2. Not only does this passage not allow Christians to celebrate Christmas, it most certainly forbids holding Christmas services of any kind and having Christmas fellowships or parties. Paul allows for diversity in the church over this issue (i.e., Jewish holy days). Both parties are to accept each other for the sake of peace and unity in the church. Both parties believe that they are obeying the Word of God. 'Compelled conformity or pressure exerted to the end of securing conformity defeats the aims to which all the exhortations and reproofs are directed.' Therefore, it would be wrong for the weak Jewish believers to force the church to have a worship service in honor of a ceremonial holy day, because the strong Gentile believers would feel compelled to attend the public worship of God. Therefore, those who did celebrate Jewish holy days had to do it privately unto the Lord. Those who use this passage to justify celebrating Christmas would likewise be forced by Paul's injunction to keep the day a private affair. Thus, Christmas services and church Christmas parties would cease, for they violate the freedom of Christians not to celebrate such a day. Of course, Christmas, not being commanded by God and being a monument to idolatry, is forbidden, anyway.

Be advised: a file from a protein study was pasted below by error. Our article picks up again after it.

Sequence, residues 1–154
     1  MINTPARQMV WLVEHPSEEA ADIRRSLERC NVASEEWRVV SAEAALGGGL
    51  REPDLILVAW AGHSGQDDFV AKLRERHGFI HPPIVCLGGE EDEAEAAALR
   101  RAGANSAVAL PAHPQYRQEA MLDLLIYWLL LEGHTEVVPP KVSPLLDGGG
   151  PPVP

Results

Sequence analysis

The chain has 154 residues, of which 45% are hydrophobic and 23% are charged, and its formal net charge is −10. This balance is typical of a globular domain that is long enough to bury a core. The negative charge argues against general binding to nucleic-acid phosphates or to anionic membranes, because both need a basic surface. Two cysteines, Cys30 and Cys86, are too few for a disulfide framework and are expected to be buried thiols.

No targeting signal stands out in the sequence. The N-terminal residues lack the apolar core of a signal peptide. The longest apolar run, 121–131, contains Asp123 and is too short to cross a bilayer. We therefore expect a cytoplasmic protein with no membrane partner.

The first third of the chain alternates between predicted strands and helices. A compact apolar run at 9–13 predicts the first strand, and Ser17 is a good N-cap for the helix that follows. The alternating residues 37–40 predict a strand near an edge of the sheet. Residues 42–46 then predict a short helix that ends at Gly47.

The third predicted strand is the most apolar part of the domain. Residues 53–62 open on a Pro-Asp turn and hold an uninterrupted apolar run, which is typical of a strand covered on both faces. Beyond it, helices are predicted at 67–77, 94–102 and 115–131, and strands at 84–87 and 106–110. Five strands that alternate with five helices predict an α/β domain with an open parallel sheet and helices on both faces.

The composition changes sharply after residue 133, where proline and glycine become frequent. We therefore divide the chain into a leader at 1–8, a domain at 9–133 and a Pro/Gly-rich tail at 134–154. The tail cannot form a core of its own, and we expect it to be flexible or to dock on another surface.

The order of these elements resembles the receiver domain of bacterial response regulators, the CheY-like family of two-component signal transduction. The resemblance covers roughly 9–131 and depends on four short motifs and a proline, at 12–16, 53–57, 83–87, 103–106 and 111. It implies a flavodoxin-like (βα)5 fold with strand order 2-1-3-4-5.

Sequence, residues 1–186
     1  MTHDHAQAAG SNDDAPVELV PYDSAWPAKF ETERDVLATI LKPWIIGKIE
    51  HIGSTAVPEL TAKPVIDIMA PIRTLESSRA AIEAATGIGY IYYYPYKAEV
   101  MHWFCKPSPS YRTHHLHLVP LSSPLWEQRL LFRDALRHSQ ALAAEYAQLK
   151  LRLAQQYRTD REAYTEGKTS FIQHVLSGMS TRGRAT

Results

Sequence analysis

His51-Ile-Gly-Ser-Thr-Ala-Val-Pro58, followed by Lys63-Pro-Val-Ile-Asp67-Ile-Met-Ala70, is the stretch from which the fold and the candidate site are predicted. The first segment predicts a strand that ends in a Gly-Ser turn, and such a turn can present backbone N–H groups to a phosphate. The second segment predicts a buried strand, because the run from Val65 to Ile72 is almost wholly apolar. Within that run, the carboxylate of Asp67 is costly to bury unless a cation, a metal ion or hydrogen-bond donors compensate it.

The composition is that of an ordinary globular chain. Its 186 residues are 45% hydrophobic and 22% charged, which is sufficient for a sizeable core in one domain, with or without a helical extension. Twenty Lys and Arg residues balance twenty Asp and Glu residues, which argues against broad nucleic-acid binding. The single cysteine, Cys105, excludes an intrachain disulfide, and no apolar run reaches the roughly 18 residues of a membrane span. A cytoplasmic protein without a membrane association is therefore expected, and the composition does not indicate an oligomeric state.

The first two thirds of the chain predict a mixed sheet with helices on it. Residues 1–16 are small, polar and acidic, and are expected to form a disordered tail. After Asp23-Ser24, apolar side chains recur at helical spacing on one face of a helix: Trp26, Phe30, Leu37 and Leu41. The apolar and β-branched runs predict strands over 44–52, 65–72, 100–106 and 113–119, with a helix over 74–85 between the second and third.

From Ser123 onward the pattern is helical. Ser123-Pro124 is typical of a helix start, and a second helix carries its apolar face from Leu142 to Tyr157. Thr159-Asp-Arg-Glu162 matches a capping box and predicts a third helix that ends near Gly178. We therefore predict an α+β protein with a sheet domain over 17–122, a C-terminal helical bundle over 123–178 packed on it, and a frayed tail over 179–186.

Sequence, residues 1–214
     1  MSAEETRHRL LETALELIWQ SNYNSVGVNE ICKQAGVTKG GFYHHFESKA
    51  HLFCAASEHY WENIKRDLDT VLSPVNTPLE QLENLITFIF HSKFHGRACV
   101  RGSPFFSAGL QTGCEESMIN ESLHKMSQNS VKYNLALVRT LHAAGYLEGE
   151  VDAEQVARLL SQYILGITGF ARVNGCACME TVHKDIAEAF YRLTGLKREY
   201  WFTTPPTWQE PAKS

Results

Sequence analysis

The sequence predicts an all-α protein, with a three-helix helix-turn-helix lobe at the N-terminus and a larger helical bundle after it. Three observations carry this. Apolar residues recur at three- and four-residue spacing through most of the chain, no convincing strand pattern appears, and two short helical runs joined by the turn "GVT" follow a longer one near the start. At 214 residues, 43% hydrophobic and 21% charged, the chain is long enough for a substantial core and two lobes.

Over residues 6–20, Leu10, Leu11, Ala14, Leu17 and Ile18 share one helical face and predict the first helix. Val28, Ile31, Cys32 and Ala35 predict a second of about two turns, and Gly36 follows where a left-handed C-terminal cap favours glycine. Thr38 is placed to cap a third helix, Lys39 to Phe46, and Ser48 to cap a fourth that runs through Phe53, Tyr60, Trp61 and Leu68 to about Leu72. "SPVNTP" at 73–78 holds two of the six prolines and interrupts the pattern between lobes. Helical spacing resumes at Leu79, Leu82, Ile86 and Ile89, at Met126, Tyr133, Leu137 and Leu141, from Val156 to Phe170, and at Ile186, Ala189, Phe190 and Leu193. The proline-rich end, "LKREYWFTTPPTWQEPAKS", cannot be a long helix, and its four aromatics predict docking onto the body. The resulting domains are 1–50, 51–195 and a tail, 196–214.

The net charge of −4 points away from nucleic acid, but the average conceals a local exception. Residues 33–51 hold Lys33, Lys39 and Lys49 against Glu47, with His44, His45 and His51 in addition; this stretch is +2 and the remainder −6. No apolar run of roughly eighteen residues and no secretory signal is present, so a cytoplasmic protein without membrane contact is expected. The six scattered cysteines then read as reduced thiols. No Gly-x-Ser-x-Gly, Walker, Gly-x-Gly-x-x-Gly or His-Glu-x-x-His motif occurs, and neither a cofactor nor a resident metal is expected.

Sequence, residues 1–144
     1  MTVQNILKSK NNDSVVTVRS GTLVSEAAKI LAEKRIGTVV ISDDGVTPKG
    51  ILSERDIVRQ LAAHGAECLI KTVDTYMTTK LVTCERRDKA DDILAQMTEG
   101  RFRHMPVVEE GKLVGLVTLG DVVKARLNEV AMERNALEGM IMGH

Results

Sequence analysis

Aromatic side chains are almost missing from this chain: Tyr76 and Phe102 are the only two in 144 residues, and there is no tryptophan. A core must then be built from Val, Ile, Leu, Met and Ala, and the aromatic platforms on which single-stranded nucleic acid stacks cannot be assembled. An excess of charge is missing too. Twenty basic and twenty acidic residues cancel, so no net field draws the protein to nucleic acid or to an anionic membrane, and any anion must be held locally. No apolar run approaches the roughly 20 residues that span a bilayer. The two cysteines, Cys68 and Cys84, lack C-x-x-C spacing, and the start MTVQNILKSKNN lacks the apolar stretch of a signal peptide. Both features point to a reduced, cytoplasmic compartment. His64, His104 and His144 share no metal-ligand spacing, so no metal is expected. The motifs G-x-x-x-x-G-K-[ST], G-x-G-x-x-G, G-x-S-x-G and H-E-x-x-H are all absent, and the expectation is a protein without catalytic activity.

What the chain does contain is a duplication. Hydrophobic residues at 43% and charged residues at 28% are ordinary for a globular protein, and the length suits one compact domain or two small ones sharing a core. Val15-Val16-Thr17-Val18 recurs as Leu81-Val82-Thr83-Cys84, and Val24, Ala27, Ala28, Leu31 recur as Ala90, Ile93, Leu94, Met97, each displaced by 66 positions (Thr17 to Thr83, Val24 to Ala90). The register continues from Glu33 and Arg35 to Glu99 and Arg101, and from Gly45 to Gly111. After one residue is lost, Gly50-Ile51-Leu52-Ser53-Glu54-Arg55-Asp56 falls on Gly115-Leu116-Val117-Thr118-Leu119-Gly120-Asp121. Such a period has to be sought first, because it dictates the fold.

3. We all know that the Westminster Confession of Faith on the Chapter concerning liberty of Conscience never intended this liberty to extend to Roman Catholic Holy Days.